The Cirrus Vision Jet SF50’s innovative safety features and design make it the most affordable and impressive aircraft in its class

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The first of its kind to achieve FAA certification and marketed as the one of the world’s safest, most economically priced and easy to use single-engine personal jet, the Cirrus Vision Jet SF50 is taking the aviation industry by storm. The tiny, yet sufficiently powerful for its size jet was developed to transition the Cirrus Aircraft customer base from the propeller driven aircraft they had grown accustomed to into a new era that highlights the capability of the single-turbofan very light jet.

In developing the all-composite aircraft, Cirrus engineers and designers kept prospective pilots and owners in mind and turned out an aircraft that is strictly intended to deliver streamlined functionality, ease of use and comfort to the individual flying the jet above others. In doing this, they had additionally ended up creating a new niche market for their competitors to strive to deliver aircraft into, the personal jet market. The company has received more than 500 orders for the aircraft and is currently backlogged. As of 2017, Cirrus developed and delivered at least 30 of the Vision jet aircraft and plans to deliver even more this year.

The journey of the Vision Jet from inception to fruition is something of an adventure and goes back at least 10 years. The project was started in 2006 but due to a decline in the economy, it was placed in a state of suspension, not necessarily halted but slowed considerably until picking up steam again in 2012. The jump-start came from an unlikely source. China Aviation Industry General Aircraft Co. (CAIGA) initially merged with Cirrus in 2011, once regulations were met, the merger culminated in an acquisition. Then, flush with badly needed capital, the development process was reignited.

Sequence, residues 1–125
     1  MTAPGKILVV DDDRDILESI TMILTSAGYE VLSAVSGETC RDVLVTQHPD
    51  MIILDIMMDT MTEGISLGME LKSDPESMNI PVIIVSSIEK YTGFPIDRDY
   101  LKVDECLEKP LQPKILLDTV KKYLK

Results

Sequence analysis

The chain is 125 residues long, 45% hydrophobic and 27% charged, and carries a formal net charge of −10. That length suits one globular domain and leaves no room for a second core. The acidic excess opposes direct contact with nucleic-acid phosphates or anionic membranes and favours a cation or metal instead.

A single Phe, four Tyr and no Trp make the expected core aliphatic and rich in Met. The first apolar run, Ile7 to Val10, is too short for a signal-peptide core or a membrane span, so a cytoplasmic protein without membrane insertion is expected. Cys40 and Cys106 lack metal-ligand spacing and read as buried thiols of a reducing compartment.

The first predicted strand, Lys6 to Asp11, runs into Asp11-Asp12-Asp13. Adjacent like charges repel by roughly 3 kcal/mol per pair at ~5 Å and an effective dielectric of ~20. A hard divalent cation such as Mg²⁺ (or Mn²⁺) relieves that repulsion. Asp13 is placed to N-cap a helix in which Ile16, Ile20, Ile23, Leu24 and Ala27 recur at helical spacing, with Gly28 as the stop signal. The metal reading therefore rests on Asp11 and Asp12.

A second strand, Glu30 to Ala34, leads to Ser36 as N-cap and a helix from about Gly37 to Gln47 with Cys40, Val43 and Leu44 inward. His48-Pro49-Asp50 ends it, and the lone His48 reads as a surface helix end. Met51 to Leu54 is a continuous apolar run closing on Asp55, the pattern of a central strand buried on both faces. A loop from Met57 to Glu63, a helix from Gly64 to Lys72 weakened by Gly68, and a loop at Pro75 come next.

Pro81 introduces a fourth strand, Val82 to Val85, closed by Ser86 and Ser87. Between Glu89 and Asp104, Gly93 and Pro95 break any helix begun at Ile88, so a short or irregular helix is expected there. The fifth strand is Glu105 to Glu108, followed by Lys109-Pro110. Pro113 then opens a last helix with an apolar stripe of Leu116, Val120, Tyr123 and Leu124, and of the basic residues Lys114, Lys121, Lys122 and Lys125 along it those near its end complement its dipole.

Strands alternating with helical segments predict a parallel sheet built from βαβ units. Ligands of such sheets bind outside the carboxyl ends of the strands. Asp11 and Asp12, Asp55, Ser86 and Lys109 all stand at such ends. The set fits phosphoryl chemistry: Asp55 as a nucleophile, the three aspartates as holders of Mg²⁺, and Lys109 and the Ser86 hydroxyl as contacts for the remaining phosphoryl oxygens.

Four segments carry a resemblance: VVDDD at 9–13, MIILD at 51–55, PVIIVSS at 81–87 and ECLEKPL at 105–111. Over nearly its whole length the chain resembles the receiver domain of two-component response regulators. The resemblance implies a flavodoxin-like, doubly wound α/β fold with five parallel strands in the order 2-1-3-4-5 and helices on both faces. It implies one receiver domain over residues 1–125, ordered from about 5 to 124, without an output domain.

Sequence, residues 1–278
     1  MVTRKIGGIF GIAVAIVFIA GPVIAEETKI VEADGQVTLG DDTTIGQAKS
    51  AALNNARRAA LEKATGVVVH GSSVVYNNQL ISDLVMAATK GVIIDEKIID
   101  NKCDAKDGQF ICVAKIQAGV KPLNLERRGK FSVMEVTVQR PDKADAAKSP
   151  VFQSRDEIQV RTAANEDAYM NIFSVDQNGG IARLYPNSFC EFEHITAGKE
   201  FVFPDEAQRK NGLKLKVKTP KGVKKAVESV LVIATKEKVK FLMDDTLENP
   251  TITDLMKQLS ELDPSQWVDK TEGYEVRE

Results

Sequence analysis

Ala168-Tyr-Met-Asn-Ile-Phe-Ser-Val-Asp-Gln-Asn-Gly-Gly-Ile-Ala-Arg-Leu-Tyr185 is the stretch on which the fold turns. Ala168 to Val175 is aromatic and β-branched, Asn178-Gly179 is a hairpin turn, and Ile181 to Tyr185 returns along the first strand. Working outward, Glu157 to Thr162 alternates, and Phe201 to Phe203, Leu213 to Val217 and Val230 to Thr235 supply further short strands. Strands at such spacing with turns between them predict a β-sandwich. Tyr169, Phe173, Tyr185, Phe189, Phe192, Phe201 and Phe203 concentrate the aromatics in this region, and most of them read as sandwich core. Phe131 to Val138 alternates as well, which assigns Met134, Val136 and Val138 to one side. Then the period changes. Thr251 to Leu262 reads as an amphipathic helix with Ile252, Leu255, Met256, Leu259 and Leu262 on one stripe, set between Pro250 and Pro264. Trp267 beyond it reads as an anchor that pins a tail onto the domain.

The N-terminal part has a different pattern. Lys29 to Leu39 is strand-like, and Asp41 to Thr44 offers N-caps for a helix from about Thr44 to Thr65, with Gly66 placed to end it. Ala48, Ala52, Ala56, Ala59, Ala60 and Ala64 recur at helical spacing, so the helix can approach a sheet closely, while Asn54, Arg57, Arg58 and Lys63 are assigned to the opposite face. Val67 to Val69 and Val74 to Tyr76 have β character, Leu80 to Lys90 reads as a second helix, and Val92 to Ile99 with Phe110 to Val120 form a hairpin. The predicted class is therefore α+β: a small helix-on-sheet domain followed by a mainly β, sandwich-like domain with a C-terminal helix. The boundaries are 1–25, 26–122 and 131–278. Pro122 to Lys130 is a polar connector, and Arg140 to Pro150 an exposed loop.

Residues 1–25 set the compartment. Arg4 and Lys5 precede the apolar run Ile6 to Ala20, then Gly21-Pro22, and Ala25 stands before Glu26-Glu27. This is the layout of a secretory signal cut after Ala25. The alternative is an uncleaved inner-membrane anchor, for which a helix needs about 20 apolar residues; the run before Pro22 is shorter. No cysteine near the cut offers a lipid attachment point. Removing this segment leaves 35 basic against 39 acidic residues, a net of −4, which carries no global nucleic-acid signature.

In 2006, the company started accepting deposits for the Cirrus Vision Jet at roughly one hundred grand apiece. In an elaborate public relations attempt to market the jets, deposit holders were given drawings of the jets in the form of jigsaw puzzles, with single pieces being sent one at a time. In June of the following year, after the final piece was delivered and the deposit holder’s puzzles were complete, the jet’s final arrangement was revealed to the public.

That same year, Cirrus secured the lease of a hangar from the Duluth International Airport to be utilized in the assemblage of the jets. The lease was later canceled due to the downturn in the economy in 2009.

Throughout the state of suspension, developers were still working toward stabilizing the aircraft and improving safety as the prototype continued to fly. The jet’s initial flight was in July 2008 at Duluth International Airport. Certification was scheduled for 2015 but unfortunately, due to setbacks in the development of the Cirrus Airframe Parachute System or CAPS, certification was delayed further into 2016. The first production aircraft flew in May of that year and the Williams FJ33-5A turbofan was approved by the FAA in June. In addition, on October 28th, 2016, the Vision Jet finally achieved certification.

Cirrus Vision Jet

Cirrus Vision Jet – Photo courtesy of Cirrus Aircraft